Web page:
Post by: jerrry94087 on February 26, 2010, 12:43:59 PM
I see, so your computer isn't shut down, it's up but hibernating. I assumed the former first.
OS wakes it up on "any" traffic, and then after a while goes back to hibernation.
This is probably the OS fault, it shouldn't wake up from hibernation on mundane packets.
Let me guess .... this is Windows?

On the other hand, it would be great if DIR-601 had this user-settable. Option "Power down ports for inactive hosts" would be an appropriate name. Hopefully DLink people read this forum.

DIR-601 only consumes ~5 Watts, and powering down individual ports can maybe bring this down by ~0.5W each. Not a big difference at all.
Title: Re: DIR-601 Keeps Wakeing my computer up from sleep mode
Post by: Jerryla on February 26, 2010, 04:58:19 PM
In essence yes, but I will disagree on it being an OS issue.  In a paradigm of the "Magic Packet" then yes the OS should not wake on anything but the "Magic Packet" we agree here.

In a paradigm were the computer performs a vital service, but only on occasion, in the case File Server and/or Print Server, it is beneficial for the computer to come out of sleep mode to perform its service based on the network traffic to it.  In short, wake up, here is some work.  I do not believe, Linux, Mac or Windows prefixes its work traffic with a "magic packet", so someone, in this case me, would need to make a choice, write a rather (understatement) complicated program(s) that new that the work was going to be performed and the worker computer was in sleep mode, then issue the "magic packet" before the work was actually started.

OR I could write a service/program to stay in memory and pulse the Worker Computer with a "magic packet" on a periodic basis, in essence forcing it to stay awake as long as any computer was turned on.

Obviously the later is ... simpler to do, but if the worker computer on average was required to be on 1 hour out of every 24 hours and computers could be on as much as 14 to 16 hours, then the worker computer is on far longer than it needs to be.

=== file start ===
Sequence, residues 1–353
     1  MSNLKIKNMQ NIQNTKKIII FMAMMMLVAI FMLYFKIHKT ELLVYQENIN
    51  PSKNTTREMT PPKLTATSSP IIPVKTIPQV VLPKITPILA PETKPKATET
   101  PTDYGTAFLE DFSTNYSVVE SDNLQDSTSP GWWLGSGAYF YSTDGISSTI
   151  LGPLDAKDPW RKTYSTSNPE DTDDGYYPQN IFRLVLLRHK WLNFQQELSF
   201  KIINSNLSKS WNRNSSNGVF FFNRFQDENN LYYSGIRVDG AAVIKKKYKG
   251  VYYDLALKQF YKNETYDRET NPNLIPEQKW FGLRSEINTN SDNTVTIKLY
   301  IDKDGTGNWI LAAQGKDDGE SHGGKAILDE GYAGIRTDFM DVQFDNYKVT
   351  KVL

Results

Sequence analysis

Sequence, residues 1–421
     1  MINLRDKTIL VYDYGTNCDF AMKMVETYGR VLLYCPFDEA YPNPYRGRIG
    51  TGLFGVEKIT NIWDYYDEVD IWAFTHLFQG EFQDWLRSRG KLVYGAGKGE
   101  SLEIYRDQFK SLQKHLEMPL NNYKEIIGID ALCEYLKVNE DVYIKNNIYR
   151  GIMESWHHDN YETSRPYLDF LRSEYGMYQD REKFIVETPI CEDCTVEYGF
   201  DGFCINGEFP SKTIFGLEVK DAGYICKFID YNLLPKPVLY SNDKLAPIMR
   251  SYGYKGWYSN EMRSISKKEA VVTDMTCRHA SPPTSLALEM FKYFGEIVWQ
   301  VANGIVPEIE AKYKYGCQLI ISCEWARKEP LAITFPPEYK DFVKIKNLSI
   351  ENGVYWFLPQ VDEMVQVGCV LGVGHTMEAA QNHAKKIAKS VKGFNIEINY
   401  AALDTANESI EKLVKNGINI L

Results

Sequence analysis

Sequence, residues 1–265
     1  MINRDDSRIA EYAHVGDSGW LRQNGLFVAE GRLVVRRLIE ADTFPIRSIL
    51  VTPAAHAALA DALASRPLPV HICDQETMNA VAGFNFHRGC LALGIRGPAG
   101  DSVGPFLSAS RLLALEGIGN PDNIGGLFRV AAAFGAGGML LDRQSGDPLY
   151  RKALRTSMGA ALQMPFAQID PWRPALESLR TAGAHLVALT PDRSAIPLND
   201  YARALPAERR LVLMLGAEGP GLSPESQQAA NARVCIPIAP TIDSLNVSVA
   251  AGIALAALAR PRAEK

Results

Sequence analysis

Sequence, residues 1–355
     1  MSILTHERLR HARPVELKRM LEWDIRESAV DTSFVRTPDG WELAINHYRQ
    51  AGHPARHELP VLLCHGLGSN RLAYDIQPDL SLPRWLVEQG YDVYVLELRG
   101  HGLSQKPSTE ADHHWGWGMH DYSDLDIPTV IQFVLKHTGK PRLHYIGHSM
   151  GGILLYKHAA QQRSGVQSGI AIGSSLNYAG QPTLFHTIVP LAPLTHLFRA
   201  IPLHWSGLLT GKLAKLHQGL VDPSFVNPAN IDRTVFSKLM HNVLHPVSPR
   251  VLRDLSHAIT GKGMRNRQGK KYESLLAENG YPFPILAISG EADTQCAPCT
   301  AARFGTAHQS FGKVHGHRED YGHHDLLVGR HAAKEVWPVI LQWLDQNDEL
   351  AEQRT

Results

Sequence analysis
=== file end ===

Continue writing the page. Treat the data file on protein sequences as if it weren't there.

If the DLink is doing this then I agree it would be great to have the option to turn it off.

On the other hand, this Atom 320 is using about 80% less power being on than the obsoleted Celeron computer it replaced so it is achieving its goal but it could be better.

Yes it is Windows 7 Ultimate (way over kill but ...) 64 Bit.  All computers but one are W7 Ultimate 64Bit except one that is XP 32Bit.

Here is the rub.  I very much want the Atom to be Linux BUT SAMBA screws up the Printer service for any and all 64 Bit OS's.  They have acknowledge the problem and have stated it will be resolved, just not in the immediate future.

Windows 7 is only marginally better.  It will connect and install the shared printer, but if you make any changes to the printer preferences then the printer will go off-line to the computer making the change.

There are two work around, delete the printer and re-install it, make your change and print
Restart the print spooler.

Neither solution makes me a happy camper as there should NOT be the need for a workaround.

SAMBA not getting it right, after they did have it right in a previous version but changed how something was handled and that screwed up the 64 bit printing is annoying as Hades as I really do want to put Linux on that box.

IF DLink read these then I would STRONGLY suggest they use a PRIMARY ISP DNS as the 2nd DNS, and their secure DNS as the primary.  Role down to the 2nd DNS if the Primary DNS goes off line *cough* as it has done.  Because it doesn't do this, I need to keep the Advanced DNS set to off as the last thing I want to hear is how no one can get on the internet.  ::)

Again, I like the idea behind the Secure DNS and would use it in a heart beat, but again, the last thing I want to hear is how no one can get to the internet.

For the record:

Sleep in this context is all power is turned off except to the NIC and to memory.  Or in short, just enough power is on to keep memory stable and detect a WOL, providing a rapid wake up.

Hibernate as I think you are using it would write all memory to disk, do a standard power down, then on WoL do a standard resume by reading memory from the hibernate file a longer process but a further reduction in power.  In my opinion, powering a single 2GB ram stick probably does not consume that much more than the hibernate mode.  On the other hand the resume is ... noticeably faster.